FMQs: Nicola Sturgeon says she will not apologise over Ferguson ferries scandal

The First Minister has said she will not apologise for decisions made around the Ferguson marine ferries which have faced significant delays and cost overruns.

Nicola Sturgeon also declined the invitation to brand former yard owner, Jim McColl, a liar after the tycoon said she had lied on the issue of the ferries, instead saying his view was “wrong”.

Construction of the Glen Sannox and hull 802 is five years late and at least £150m overbudget, with Ferguson Marine also taken into administration in 2019.

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During First Minister’s Questions on Wednesday, the Scottish Conservative leader Douglas Ross asked whether the First Minister understood how angry the public is when she uses “weasel words like regrettable” instead of apologising as a quarter of a billion of taxpayers’ money has been spent “and not a single ferry built”.

The Scottish Government has faced intense political pressure to reveal why ministers decided to award the yard the contract for two ferries in 2015 despite warnings from ferry infrastructure body CMAL.

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In response to Mr Ross’ question, the First Minister said she understood how angry the public is but claimed anger was in fact directed towards the UK Government.

Ms Sturgeon said it is Ross who will feel “the full force of that [anger] tomorrow” ahead of the local council elections.

First Minister Nicola Sturgeon during First Minister's Questions at the Scottish Parliament in Holyrood, Edinburgh (Photo: Jane Barlow/PA Wire).

Her comments come as Scottish Labour is set to comfortably beat the Scottish Conservatives into second in the council elections as the party opens up a seven point lead in the Holyrood constituency voting intention, according to a recent survey by Savanta ComRes for The Scotsman.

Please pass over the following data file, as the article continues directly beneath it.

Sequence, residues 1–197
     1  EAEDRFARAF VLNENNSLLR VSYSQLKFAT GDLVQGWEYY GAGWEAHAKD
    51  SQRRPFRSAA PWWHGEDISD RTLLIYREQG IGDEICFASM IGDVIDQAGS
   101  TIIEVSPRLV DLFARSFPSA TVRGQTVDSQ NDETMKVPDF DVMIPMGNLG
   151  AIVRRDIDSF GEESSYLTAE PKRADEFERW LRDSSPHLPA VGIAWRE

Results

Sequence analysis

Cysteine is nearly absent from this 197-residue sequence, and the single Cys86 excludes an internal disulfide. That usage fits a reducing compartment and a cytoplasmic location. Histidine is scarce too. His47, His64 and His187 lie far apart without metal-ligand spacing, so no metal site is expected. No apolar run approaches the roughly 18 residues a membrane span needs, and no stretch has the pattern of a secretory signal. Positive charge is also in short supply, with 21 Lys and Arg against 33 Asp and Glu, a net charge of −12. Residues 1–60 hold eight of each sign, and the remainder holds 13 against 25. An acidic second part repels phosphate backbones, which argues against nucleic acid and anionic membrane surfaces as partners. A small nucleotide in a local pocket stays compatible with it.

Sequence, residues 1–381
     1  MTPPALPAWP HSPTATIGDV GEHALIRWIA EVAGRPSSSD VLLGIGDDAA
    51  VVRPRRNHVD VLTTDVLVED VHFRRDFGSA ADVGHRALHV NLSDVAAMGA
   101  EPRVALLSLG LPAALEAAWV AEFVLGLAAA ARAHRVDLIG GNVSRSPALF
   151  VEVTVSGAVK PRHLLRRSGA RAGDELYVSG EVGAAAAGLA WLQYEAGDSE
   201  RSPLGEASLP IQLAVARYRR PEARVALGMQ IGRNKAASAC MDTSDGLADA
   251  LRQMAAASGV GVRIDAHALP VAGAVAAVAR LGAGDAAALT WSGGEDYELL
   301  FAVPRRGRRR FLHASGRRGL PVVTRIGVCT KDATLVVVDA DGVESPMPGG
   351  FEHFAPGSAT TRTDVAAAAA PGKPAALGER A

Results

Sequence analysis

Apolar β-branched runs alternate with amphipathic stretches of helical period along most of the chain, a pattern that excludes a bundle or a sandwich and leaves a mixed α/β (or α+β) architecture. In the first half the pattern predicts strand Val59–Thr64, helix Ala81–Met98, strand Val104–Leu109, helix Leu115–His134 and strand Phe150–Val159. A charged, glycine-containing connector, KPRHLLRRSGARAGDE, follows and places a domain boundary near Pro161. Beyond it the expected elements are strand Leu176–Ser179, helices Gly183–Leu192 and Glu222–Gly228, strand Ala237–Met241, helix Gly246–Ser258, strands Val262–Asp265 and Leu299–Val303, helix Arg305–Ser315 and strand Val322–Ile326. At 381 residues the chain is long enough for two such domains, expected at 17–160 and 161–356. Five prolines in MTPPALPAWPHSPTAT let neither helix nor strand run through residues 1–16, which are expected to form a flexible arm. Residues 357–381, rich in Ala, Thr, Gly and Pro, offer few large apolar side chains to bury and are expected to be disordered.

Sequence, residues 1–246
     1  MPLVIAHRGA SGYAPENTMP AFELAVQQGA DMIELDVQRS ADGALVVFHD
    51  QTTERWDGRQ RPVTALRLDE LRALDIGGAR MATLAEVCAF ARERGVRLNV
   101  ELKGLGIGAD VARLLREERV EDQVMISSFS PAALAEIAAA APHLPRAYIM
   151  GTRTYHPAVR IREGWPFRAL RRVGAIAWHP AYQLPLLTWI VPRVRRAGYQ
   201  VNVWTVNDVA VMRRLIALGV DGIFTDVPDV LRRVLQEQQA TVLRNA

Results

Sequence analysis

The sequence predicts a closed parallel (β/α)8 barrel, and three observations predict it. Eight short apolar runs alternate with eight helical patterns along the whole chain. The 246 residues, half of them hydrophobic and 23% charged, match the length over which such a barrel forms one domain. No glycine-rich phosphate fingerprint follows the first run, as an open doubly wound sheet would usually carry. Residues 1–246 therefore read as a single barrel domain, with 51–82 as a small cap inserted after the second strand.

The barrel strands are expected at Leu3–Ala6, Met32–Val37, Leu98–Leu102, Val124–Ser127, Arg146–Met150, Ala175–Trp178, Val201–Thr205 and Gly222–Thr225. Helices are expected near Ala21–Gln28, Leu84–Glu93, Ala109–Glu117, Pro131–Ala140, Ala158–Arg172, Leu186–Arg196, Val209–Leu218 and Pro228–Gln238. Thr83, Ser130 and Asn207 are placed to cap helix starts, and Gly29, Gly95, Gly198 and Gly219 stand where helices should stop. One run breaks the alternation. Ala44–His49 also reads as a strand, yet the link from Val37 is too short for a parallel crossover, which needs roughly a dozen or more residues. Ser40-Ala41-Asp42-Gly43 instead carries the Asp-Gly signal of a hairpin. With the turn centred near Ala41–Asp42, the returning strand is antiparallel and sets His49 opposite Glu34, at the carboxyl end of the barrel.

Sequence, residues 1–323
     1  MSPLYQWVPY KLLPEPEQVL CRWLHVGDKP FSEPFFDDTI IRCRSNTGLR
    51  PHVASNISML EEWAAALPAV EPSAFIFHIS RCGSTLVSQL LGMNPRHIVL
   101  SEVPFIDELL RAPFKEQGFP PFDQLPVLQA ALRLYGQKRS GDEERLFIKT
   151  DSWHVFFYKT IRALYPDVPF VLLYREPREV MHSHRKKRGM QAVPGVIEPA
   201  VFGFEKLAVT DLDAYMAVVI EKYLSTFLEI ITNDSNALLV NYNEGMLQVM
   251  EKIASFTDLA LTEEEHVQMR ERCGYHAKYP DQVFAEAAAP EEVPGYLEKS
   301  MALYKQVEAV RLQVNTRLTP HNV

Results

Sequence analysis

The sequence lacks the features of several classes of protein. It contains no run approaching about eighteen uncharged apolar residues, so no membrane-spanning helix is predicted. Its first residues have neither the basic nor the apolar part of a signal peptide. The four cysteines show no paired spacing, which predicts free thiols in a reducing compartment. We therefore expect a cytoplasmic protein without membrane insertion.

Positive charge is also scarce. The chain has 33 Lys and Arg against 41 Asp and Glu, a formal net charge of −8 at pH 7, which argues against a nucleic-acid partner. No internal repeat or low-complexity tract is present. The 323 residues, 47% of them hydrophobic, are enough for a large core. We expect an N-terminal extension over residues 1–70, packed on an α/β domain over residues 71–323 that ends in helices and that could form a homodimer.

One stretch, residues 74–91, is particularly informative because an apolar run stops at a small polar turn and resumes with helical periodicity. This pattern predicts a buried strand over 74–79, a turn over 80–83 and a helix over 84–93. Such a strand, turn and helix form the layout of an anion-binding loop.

Addressing the ferry scandal, Ms Sturgeon said: “I've made very clear that the delays and the cost overruns are deeply regrettable and I do believe when things don’t go right in government, it is important leaders says so. If only other government followed the same principle perhaps things might be a bit different.

"I will not – and I’m afraid I will not be moved from this – apologise for decisions that allowed the last commercial shipbuilder on the Clyde to continue in business, that allows 400 workers to be employed there today earning a way and supporting there families, and I will not apologise for an investment in new ferries because the Government is focused on ensuring these ferries are completed as part of our overall investment in Scotland’s ferry network.”

Speaking to journalists at a campaign stop near Holyrood, Ms Sturgeon said she stood by her words on the BBC on the number of jobs saved at the yard which Mr McColl had said were a lie.

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She added: “If Jim McColl’s argument is that he would have continued to invest his money in a yard that had no major contracts and therefore wouldn't have made them any money, he’s obviously changed a lot since the Jim McColl I knew, because that’s not the Jim McColl I knew.

"I’m not sure it is tenable or credible to argue that a yard with no major contracts would have continued to operate indefenitely.”

The First Minister also declined to call the tycoon a liar, but stated he was “wrong” and that Mr McColl is not an “objective, disinterested observer”.

The SNP leader also highlighted inconsistencies in the former shipyard’s own interview, claiming Ferguson Marine had not raised the issue around a full builder’s guarantee until after being named a preferred bidder.

Mr McColl said he was raising concerns with the government on August 26, but FMEL was recommended to ministers as the preferred bidder on August 20, government documents show.

Ms Sturgeon said: “He bid for a contract where the contract was clear and he didn’t in the bid, or his company didn’t in the bid, say we’re bidding but only on the basis that this isn’t being given, that only emerged after.”

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